1. For decades, BI tools have been sold in large part via demos of snazzy features the CEO would like to have on his desk. First it was pretty colors; then it was maps; now sometimes it’s “real-time” changing displays. Other BI features, however, are likely to be more important in practice.
2. In general, the need for “real-time” BI data freshness is often exaggerated. If you’re a human being doing a job that’s also often automated at high speed — for example network monitoring or stock trading — there’s a good chance you need fully human real-time BI. Otherwise, how much does a 5-15 minute delay hurt? Even if you’re monitoring website sell-through — are your business volumes really high enough that 5 minutes matters much? eBay answered “yes” to that question many years ago, but few of us work for businesses anywhere near eBay’s scale.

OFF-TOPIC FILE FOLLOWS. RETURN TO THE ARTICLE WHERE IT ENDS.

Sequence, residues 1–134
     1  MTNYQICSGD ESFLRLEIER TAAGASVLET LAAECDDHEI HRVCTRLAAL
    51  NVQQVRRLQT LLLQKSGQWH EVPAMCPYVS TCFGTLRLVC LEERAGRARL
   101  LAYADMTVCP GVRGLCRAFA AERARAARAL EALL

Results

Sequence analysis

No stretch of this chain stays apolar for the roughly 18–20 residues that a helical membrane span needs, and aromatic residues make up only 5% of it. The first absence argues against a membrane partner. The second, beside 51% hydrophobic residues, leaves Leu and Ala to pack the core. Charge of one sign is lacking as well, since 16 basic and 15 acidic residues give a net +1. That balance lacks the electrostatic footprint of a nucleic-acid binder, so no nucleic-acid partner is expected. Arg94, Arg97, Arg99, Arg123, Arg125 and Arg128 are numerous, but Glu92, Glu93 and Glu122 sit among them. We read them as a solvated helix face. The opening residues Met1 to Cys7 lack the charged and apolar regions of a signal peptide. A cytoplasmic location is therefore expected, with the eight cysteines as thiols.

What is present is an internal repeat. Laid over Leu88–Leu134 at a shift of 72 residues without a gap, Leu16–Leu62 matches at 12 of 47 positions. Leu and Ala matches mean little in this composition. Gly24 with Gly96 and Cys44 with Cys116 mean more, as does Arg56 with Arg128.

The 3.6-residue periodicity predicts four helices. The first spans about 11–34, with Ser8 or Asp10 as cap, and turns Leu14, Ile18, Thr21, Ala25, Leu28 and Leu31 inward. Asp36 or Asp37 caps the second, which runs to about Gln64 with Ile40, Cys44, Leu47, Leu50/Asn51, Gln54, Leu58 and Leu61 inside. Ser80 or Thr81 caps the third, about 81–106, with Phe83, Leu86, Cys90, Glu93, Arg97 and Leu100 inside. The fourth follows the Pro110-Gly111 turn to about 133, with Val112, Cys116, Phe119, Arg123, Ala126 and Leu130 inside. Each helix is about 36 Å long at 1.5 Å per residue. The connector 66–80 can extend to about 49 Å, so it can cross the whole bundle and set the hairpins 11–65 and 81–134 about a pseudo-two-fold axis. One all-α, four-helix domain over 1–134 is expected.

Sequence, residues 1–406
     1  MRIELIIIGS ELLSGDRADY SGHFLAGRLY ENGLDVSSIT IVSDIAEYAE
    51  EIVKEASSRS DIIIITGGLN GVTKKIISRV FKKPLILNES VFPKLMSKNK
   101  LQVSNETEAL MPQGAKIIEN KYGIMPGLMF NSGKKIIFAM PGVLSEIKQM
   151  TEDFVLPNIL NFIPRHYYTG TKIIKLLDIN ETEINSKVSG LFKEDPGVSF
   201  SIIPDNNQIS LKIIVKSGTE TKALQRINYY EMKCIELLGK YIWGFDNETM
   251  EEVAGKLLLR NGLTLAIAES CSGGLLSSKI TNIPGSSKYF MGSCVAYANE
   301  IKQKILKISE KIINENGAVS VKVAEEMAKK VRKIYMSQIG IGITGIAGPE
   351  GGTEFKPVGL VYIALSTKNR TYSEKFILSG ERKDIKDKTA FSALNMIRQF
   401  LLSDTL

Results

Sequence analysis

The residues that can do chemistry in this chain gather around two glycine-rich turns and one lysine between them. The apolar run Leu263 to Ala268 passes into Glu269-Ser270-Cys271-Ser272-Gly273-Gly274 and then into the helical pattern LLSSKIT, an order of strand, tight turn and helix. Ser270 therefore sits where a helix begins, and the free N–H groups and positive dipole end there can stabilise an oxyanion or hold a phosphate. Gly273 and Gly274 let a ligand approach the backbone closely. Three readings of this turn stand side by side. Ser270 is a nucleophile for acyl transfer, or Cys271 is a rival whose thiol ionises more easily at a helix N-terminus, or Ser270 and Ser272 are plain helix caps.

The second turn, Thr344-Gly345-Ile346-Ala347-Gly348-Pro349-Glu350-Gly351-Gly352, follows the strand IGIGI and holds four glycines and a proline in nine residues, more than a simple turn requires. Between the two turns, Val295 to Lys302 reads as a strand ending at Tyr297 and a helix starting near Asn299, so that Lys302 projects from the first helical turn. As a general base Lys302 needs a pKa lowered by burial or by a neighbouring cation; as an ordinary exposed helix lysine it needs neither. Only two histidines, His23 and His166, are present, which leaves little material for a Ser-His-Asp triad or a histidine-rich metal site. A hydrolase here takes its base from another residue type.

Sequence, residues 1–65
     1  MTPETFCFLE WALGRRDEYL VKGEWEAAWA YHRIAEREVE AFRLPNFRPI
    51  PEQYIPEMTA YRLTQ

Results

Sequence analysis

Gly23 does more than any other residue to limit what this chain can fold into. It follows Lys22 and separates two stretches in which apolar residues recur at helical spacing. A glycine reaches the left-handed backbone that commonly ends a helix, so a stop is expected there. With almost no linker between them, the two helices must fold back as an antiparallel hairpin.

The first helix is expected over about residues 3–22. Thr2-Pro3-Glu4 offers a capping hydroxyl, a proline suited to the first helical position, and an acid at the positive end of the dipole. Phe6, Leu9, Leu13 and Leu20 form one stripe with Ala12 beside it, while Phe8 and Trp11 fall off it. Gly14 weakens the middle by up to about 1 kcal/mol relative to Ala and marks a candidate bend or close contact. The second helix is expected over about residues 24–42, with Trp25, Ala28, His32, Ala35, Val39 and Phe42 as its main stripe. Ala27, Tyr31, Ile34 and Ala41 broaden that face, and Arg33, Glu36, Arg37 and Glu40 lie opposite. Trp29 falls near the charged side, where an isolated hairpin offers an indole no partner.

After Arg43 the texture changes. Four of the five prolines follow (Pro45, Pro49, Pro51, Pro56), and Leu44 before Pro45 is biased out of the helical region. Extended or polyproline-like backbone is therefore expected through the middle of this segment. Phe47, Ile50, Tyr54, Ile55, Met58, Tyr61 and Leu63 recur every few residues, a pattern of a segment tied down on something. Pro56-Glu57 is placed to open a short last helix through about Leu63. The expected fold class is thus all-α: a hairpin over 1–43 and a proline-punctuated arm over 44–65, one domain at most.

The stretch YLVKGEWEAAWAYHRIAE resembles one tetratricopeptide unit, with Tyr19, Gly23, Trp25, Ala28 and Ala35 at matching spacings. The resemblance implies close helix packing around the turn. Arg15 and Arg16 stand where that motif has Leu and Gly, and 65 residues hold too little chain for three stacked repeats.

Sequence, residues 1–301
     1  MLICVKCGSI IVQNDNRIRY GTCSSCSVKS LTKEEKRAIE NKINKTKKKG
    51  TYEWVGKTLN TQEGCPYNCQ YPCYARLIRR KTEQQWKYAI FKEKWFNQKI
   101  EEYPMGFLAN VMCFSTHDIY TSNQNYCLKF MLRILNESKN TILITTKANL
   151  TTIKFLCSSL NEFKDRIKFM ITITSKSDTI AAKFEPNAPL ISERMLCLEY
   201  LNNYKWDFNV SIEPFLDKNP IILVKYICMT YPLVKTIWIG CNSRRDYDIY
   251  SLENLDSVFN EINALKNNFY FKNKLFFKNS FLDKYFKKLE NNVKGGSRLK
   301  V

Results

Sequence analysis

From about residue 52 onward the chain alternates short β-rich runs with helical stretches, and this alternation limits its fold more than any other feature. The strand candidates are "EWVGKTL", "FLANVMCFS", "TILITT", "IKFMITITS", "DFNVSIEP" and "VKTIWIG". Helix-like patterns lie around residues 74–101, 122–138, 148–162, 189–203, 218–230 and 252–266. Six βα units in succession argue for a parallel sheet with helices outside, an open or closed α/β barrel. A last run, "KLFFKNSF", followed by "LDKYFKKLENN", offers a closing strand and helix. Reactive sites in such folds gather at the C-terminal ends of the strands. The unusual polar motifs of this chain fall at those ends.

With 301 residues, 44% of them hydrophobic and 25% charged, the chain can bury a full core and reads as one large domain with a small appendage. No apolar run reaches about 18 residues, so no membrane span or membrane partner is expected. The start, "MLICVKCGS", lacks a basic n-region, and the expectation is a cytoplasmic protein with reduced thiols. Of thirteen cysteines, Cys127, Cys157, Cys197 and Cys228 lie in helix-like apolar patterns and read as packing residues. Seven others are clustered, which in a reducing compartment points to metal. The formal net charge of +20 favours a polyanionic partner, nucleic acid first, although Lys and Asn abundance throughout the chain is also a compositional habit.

Even so, the want for speed keeps growing stronger.
3. Similarly, some desires for elastic scale-out are excessive. Your website selling koi pond accessories should always run well on a single server. If you diversify your business to the point that that’s not true, you’ll probably rewrite your app by then as well.
4. Some developers want to play with cool new tools. That doesn’t mean those tools are the best choice for the job. In particular, boring old SQL has merits — such as joins! — that shiny NoSQL hasn’t yet replicated.
5. Some developers, on the other hand, want to keep using their old tools, on which they are their employers’ greatest experts. That doesn’t mean those tools are the best choice for the job either.